Many people reach a point in their lives where they see clutter and excessive personal possessions for what they are: distractions and time-sinks that deeply – and negatively – impact one’s life. Minimalism seeks to change this.
I am no different; I, too, have been conscious that for many years I have amassed a vast number of gadgets, had far more clothing than I could ever really wear (before it went seriously out of fashion), and bought books far quicker than I could read them. Freely, I admit, I still do the latter – but I can “hide” them now on my ebook reader!
The Internet’s “Minimalism”
It is amusing to see, particularly on certain social networks, how minimalism is portrayed. Let’s describe a typically “minimalist” image:
- White. It must be white. White walls, white furniture, mostly-white accessories, all well lit (often artificially).
- An Apple Mac computer, centre-stage on a desk. Typically a 21-inch iMac, but sometimes a 27-incher too. In front of the Mac must be the following:
- A wireless keyboard & wireless trackpad – both precisely aligned;
- A notepad
- A pencil
- An iPhone
- Sometimes… a mug of coffee (although I am allowing myself a crossover into that other bastion of internet imagery here, the “Getting Organised!” image);
- A desk lamp;
- A single picture on the wall, bordered with a white frame, casting a soft shadow thanks to…
- A window on the adjacent wall;
- A crappy plastic chair (still white) that no-one in their right mind could ever sustain a day’s work in;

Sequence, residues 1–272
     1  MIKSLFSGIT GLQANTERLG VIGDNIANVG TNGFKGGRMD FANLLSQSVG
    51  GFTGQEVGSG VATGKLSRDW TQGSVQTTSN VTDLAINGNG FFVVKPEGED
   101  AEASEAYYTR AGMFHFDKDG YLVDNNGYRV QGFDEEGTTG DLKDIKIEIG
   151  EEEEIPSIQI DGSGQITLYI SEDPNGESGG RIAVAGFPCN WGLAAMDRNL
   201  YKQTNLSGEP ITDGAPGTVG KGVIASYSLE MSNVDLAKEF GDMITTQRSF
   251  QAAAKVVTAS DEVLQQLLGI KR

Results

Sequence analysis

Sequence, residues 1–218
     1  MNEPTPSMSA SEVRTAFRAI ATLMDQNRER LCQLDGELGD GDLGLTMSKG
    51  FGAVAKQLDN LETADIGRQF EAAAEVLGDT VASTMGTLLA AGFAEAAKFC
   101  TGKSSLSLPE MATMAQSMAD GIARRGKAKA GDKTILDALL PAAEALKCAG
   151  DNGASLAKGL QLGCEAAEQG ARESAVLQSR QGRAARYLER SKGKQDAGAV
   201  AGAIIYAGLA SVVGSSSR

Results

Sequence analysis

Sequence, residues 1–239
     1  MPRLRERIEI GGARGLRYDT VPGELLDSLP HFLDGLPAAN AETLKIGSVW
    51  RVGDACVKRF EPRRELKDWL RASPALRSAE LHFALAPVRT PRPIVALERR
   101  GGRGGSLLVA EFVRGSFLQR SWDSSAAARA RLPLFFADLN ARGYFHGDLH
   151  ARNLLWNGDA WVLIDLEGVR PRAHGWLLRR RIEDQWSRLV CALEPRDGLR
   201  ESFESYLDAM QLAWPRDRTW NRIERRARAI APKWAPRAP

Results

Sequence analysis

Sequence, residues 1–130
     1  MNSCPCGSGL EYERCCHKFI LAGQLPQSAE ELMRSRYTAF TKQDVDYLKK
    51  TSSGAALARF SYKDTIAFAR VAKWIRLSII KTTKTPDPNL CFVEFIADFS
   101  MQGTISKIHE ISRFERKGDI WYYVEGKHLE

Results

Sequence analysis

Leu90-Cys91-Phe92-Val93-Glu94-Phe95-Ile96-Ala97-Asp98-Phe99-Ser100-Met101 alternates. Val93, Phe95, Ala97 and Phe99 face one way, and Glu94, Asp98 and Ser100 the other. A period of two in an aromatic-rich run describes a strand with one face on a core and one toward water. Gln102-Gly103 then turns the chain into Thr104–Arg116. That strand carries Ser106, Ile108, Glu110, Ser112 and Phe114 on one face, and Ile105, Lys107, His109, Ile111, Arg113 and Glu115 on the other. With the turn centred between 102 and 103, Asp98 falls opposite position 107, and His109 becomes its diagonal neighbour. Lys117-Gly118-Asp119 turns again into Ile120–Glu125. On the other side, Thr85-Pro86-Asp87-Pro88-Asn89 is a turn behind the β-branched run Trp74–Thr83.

- A wooden floor. Or, if the floor is white, then the desk is wooden. Or the chair back might be green. You get the idea.
For an example, check out Jessica Comingore’s minimalist studio.
What Is Minimalism?
If you Google this, no doubt you will see a definition along the lines of styles in art, music or design. But these days, “minimalism” has come to mean something else: the removal of superfluous possessions leading to a perceived reduction of stress and distraction in a person’s life. It’s this definition what I am most interested in, which is the one driving most internet imagery these days.
Minimalism is not, necessarily, about choosing to do without
Minimalism is an interesting side-effect of western capitalism. The effect of acquiring wealth is curious; it more often than not seeks to be displayed through the adornment of expensive garments, and through “showcasing” the necessity of owning various accessories, plus the outward demonstration of their worth to a “successful” person. But to many people, myself included, the effect of acquiring objects is that they increasingly demand more time from the owner in order to manage.
This is detrimental to their original purpose, because time will now be split between the owner using the objects, and the owner managing the objects. Thus, the fewer objects there are – whether these are clothes, cars, bottles of liquor in the cabinet, or watches – the more utility such devices actually provide and therefore the more effective they become both at their original purpose, but also as a showpiece.
What Minimalism is not.
Minimalism doesn’t, in my mind, have any connection with frugality, virtue through sufferance, or eco-mentality. To me, “being green” and “being minimalist” can be mutually exclusive, although they can also co-exist very well too.